I agree with jackill's comments on this hidden, magnificent, wonderland that is the Slieve Felim hills. Yesterday I took my mother who is now in her 80's for a drive up the hill road from Cappawhite to Hollyford and then up to Glenpadden where she was born. Almost blind now she knew every twist and turn on the road up from Hollyford, who lived where and what was down every boreen. When we got to where her home once stood, all we found was a pile of stones being reclamed by nature. But I found a lot more, I finally realized where I got my love of walking from, she was sitting beside me. She walked to school, she walked to mass, she walked to Hollyford or Cappawhite because thats what they did. We sat for a while and she told me of the children down the road she and her brothers and sisters went to school with and how they would put a stone on the bridge if thay were early and gone on, if there was no stone they would wait for each other, the very first Mobile Stone. We made our way back to Hollyford down the narrow road, she told me to "take care as the traffic was brutal on Sunday evening in the village", then she laughed out loud as if to say "got you" .
As we walk all over this island of ours lets take the time to talk to people we meet along the way, we might find out where we have all come from. Thanks mother. Linkback:
Your Score: Very useful <<  >>Average Picture about mountain Lackenacreena  in area Midlands SW, Ireland
Picture: From Lackenacreena looking towards Glenaneagh with Knockalough behind on the left
Rapparee and me
by jackill  18 Sep 2010
These are indeed surprising small hills of the Slieve Felim rising above the Tipperary plains under explored and under appreciated, there is nothing dramatic or magnificent about them but rather they are more local, more familiar and all the more interesting for it. An abundance of twisty little roads that degenerate to rutted medieval tracks tumbling over narrow passes into deep, dark unexpected valleys. You can feel the time under your boots as you tramp the tracks of drovers and rapparees, saints and heroes. After passing through the sleepy village of Hollyford, once a major crossing point for the Slieve Felims used by O'Sullivan Beare, Red Hugh O'Donnell and Patrick Sarsfield, I parked my cart at a small field entrance at R94525 53427 starA and began my ramble over Lackenacreena, Glenaneagh, Ring hill and Knockbane. I crossed the road and over a gate across tilled fields to the summit of Lackenacreena and from there to points beyond Linkback:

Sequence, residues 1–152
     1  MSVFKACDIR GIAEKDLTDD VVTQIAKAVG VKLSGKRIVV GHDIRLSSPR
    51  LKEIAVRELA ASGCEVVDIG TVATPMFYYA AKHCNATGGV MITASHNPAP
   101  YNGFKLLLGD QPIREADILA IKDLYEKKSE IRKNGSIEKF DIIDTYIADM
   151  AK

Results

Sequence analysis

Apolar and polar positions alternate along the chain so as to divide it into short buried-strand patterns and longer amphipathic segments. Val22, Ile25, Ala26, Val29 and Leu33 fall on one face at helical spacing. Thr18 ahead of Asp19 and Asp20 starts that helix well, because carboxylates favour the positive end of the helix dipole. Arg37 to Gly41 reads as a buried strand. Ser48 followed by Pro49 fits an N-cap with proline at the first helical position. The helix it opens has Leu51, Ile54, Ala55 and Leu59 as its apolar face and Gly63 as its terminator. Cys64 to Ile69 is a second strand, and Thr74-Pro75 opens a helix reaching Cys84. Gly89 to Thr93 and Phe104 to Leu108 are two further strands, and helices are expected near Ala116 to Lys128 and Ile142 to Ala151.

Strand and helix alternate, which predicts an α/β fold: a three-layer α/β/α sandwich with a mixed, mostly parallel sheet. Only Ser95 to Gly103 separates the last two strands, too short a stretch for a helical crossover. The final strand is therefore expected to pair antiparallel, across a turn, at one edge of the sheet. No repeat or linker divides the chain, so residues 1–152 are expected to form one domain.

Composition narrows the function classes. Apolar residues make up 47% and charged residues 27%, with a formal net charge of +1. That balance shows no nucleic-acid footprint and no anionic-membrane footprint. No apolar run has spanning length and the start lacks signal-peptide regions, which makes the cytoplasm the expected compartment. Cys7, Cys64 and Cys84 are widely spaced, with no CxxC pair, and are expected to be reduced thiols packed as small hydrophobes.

Your Score: Very useful <<  >>Average
oldsoldier on Lackenacreena, 2010
by oldsoldier  9 Feb 2010
Tues 9 Feb 2010. I set out from Thurles for a pleasant stroll in my local hills. I parked my car in a field gateway at the junction of three roads at R 95725 54220 starC. Parking here for one car, two at a push. I went left from here and followed the laneway to the saddle on the hill between Lackenacreena and Glenough Upper. A local informed me this was the best way to get to the top of the ridge. I could have kept left at this junction and parked at a disused house at the end of the lane. I was expecting a gentle walk in farmland and forestry, fortuately a wind farm is being erected at this time so a road exist from the car parking spot to the summit of Ring Hill via Lackenacreena, over to the mast for weather on Glenaneagh, down and up onto Ring Hill A magnificient road and will be of great benefit to all walkers in the future. Almost at the summit of ring hill there is a two storey house as part of the transformation of the power. I turned right as I approached the workings and headed back down to join the road I came in on near where I parked my car. Linkback:
Your Score: Very useful <<  >>Average
(End of comment section for Lackenacreena .)

OSi logo OSNI/LPS logo
Some mapping:
Open Street Map
(Various variations used.)
British summit data courtesy:
Database of British & Irish Hills
(Creative Commons Licence), a Hill-walking Website for the island of Ireland. 2400 Summiteers, 1480 Contributors, maintainer of lists: Arderins, Vandeleur-Lynams, Highest Hundred, County Highpoints etc